Notation will be as follows:

Yt:nominal GDP at current prices in year t;
YPt:potential GDP at current prices in year t;
Dt:net stock of public debt at the end of year t;
FDt:net stock of foreign financed public debt at the end of year t;
Bt:overall balance of year t (positive value if surplus);
PBt:primary balance of year t (positive value if surplus);
Tt:total revenue in year t;
ta:average ratio of revenue to GDP over the period 1975–1988;
Et:total primary expenditure in year t;
ga:average ratio of primary expenditure to GDP over 1975–1988;
ITt:discretionary tax revenue in year t;
IEt:discretionary primary expenditure in year t;
IBt:discretionary primary balance in year t;
rt:nominal implicit interest rate on public debt in year t;
gt:nominal rate of GDP growth in year t;
ERt:average nominal exchange rate (per unit of domestic currency).

Instead of using a “base-year” approach, as is most often the case when estimating trend values, we design a methodology based on average values. In the absence of reliable proxies, such as utilization rate of fixed investment or unemployment rate, potential output is assumed to grow at a constant rate, equal to the average growth rate observed from 1975 to 1988. Once the growth rate is known, the initial level of potential output has to be determined. A solution would have been to assume that potential output was equivalent to actual output in the base year 1974. However, due to the concave shape of actual output function over time, this would have led to an almost permanent excess of actual output over potential output, disturbing the cyclical component. Therefore, the level of potential output in 1974 has been adjusted in such a way that the undiscounted sum of the difference between actual and potential output became zero.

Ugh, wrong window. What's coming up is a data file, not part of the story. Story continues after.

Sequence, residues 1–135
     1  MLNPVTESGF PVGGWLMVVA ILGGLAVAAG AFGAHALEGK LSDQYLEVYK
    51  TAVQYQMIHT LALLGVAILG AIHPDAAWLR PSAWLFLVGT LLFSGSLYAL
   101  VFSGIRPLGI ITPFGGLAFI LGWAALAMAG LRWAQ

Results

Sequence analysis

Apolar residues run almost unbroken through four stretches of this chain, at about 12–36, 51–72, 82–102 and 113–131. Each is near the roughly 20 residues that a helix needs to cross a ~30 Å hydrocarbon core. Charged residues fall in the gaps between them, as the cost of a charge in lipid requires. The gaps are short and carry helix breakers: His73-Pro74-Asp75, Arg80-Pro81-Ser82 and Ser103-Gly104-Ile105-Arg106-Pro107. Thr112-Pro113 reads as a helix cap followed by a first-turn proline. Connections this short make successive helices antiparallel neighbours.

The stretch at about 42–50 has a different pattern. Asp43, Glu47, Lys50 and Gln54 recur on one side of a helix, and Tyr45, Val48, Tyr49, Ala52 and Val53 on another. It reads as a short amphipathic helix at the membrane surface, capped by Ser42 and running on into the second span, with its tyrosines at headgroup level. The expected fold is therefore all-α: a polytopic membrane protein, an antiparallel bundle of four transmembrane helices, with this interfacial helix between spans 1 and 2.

a. Decomposition of debt dynamics

The starting point is that the change in the stock of debt in domestic currency is the opposite of the budget balance, which has a positive value if in surplus. In addition, a correction has to be made for exchange rate variations, which affect the value of the inherited stock of foreign financed debt. Exchange rate variations do affect the budget balance also, through various channels such as foreign interest charges or external grants, but those effects are not singled out in the following analysis. To ignore the exchange rate effect, as is often the case in debt dynamics studies, is a major drawback when significant exchange rate adjustments occurred. The exchange rate pertinent to this analysis is the average one vis-à-vis currencies in which foreign liabilities are denominated, using weights of the outstanding foreign debt.

Then the budget balance is decomposed into two parts, the primary balance and interest payments. Interest charges depend upon the outstanding stock of debt and the current average interest rate on that debt. It is assumed that current deficit does not lead to interest payments during the current year.

In turn, the primary balance can be decomposed into its components, i.e., total revenue and total primary expenditure.

Tax revenue during a given year can be broken down into a structural component, a cyclical effect, and a discretionary component. In the absence of discretionary measures, tax revenue are assumed to be a function of the observed output and the average tax pressure ratio. In order to isolate the structural component from the cyclical effect, potential output can be substituted to observed output to capture the structural tax revenue, and the difference is deemed to be the cyclical effect.